Shillington. and now living retired, was born in Cumru
township, Berks County, Oct. 7, 1841, son of Henry and
Elizabeth S. (Matz) Rollman.

The family has long been resident in Cumru town-
ship. William Rollman, grandfather of Adam M., was
a farmer and landowner in that section, and his farm
descended to his son Henry. He married a Miss Eliza-
beth Spohn. and they had five children, viz.: Joshua,
a farmer and butcher near the "Five Mile House"
m. to Miss Amelia Mengel; Henry; William and Sallie,
who both died unmarried; and Molly, m. to William
Matz, of Reading.

Henry Rollman, born Jan. 21, 1819, was a farmer for
the better part of his life. Until 1851 he operated his
father's farm of ninety-six acres near Sinking Spring,
but in that year he sold the place and bought instead
the Schwartz farm, of 300 acres, on Mt. Penn. There
he remained till 1873 when he sold this second farm
also, and moving to Reading, opened a shoe store. He
conducted this a number of years, but finally retired
not long before his death, Sept. 3, 1890, when he was
aged seventy-one years, seven months and twelve days,
and he was buried at Sinking Spring Union Church.
Mr. Rollman married twice. On July 11, 1840, he m.
Elizabeth Sharp Matz, who died April 22. 185 — , aged
thirty-eight years, one month and twenty-eight days,
and was buried at Sinking Spring Church. The only
child of this marriage was Adam M. On Oct. 28, 1856,
Mr. Rollman m. (second) Marguerite, daughter of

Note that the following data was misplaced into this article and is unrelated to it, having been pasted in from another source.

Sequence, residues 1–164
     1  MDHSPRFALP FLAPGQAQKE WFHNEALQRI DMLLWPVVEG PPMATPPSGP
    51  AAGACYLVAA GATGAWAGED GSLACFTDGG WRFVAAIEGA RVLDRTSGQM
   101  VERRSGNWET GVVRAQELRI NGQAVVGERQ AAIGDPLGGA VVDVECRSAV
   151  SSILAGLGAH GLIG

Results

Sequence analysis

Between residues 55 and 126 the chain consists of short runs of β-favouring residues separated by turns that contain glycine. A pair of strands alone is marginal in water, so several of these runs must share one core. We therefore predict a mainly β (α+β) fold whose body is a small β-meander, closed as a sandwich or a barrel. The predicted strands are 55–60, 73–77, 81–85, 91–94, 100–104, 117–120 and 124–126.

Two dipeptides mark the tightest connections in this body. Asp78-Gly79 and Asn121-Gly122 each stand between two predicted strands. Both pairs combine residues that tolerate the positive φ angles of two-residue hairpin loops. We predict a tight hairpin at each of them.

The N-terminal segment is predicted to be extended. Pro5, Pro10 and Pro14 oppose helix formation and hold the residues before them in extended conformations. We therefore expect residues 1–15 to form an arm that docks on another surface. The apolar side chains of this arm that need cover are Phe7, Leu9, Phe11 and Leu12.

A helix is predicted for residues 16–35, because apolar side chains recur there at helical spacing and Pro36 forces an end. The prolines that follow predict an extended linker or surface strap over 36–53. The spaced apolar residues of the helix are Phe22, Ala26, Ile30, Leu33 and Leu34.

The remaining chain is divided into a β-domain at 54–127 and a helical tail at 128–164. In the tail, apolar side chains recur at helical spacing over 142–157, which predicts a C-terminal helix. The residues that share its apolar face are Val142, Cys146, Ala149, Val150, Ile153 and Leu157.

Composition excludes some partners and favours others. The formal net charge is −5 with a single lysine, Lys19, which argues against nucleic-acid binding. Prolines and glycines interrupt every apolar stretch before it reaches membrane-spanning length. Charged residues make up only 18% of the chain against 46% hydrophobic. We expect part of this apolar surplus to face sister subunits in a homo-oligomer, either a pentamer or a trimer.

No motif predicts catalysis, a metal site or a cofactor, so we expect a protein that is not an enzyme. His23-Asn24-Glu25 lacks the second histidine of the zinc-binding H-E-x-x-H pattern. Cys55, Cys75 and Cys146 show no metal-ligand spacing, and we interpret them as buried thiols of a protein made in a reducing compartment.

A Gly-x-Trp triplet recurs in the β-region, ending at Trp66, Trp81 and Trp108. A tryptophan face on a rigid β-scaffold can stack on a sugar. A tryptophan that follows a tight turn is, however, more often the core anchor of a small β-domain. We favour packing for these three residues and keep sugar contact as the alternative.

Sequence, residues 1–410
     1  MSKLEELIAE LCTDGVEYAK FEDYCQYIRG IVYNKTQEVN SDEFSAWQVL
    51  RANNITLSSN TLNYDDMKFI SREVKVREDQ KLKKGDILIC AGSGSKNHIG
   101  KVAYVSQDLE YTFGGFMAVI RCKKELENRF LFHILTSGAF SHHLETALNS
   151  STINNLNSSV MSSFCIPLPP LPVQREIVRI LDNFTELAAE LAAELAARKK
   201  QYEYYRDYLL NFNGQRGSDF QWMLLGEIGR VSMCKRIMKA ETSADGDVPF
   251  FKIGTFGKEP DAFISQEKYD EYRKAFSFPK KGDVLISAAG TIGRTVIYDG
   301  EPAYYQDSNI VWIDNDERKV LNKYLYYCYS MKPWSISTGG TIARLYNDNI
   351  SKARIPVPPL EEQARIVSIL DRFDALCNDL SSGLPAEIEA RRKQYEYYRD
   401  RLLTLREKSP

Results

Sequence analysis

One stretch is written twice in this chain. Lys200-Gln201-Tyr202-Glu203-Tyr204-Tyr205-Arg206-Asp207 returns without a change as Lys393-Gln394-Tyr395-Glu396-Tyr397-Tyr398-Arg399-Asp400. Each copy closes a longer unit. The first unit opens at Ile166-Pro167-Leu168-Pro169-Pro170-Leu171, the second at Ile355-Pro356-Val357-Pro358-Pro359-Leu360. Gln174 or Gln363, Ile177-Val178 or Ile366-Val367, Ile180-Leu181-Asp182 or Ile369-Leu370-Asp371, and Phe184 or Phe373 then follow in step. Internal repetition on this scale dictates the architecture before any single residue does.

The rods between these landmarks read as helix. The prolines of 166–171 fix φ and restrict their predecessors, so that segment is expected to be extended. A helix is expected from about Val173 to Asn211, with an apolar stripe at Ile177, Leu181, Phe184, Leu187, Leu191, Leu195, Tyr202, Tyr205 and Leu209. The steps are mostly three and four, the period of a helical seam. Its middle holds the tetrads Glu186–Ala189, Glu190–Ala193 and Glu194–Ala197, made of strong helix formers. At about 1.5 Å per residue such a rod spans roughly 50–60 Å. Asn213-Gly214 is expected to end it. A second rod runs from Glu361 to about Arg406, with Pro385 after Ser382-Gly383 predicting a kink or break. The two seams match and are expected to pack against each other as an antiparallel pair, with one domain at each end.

John and Elizabeth Swartz. The issue of this second
union was two daughters, viz.: Elizabeth, m. to Albert

Schuck, of Hyde Park, Pa.; and Mary, m. to Martin
Leininger, of Reading. Mr. Rollman and his family
were Lutherans in their religious faith, members of
the Sinking Spring Church.

Adam M. Rollman grew up at home, familiar with
the routine of farm life, but he was sent to school for
a generous portion of the time, attending first the
township schools and then a private one in Reading.
At the age of twenty-five he took up butchering, and
has made that 'his trade for the greater part of his
life since. He learned his trade from his uncle
Joshua Rollman, under whom he worked a year, and
then until 1871, did butchering among the farmers.
The next two years he was associated with John Yerg-
er, of Reading, and then from 1873 till 1877 he worked
for H£rir_3E_-HQ0ver, of that city. When he left Mr.
Hoover it was with the intention of going into business
for himself, and he selected Shillington as his location,
opening a butcher shop there in 1877, which he con-
ducted with most satisfactory results till his retirement
in 1901. This, however, was not his only interest, for
his wife had previous to her marriage carried on a
mercantile business, of which after 1884 her husband
assumed a joint management. The preceding year
they had built a home on Lancaster avenue and planned
it with reference to continuing and enlarging this busi-
ness at this new location. The enterprise proved in-
creasingly profitable, and was maintained till 1904.

Mr. Rollman also combined with his other duties
that of postmaster for Shillington from 1884 till 1894.
He was the first incumbent, as the office was estab-
lished at that time. The village had been called Shil-
lingsville, after the Shillings residing there, but
on establishing the office there the postal depart-
ment asked Mrs. Rollman to suggest a name for the
station. As there were so many "villes" in that sec-
tion already, she proposed the present form. Shilling-
ton, and it was at once adopted. Mr. Rollman has
always been a strong Republican and his appointment